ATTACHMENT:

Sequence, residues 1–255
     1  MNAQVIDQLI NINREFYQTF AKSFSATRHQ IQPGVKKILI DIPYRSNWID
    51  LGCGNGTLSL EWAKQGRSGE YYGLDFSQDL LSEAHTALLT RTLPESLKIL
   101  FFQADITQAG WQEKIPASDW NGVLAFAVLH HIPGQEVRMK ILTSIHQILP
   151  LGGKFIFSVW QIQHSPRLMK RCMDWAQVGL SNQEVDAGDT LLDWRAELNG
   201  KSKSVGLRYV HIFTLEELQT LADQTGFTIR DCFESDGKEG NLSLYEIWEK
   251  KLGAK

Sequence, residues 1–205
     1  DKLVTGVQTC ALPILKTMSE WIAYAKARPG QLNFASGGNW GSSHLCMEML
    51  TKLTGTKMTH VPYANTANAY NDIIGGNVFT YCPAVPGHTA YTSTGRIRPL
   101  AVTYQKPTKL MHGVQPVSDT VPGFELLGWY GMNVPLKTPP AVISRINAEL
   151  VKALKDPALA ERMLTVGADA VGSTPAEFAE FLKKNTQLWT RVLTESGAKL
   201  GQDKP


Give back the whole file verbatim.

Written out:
Sequence, residues 1–255
     1  MNAQVIDQLI NINREFYQTF AKSFSATRHQ IQPGVKKILI DIPYRSNWID
    51  LGCGNGTLSL EWAKQGRSGE YYGLDFSQDL LSEAHTALLT RTLPESLKIL
   101  FFQADITQAG WQEKIPASDW NGVLAFAVLH HIPGQEVRMK ILTSIHQILP
   151  LGGKFIFSVW QIQHSPRLMK RCMDWAQVGL SNQEVDAGDT LLDWRAELNG
   201  KSKSVGLRYV HIFTLEELQT LADQTGFTIR DCFESDGKEG NLSLYEIWEK
   251  KLGAK

Sequence, residues 1–205
     1  DKLVTGVQTC ALPILKTMSE WIAYAKARPG QLNFASGGNW GSSHLCMEML
    51  TKLTGTKMTH VPYANTANAY NDIIGGNVFT YCPAVPGHTA YTSTGRIRPL
   101  AVTYQKPTKL MHGVQPVSDT VPGFELLGWY GMNVPLKTPP AVISRINAEL
   151  VKALKDPALA ERMLTVGADA VGSTPAEFAE FLKKNTQLWT RVLTESGAKL
   201  GQDKP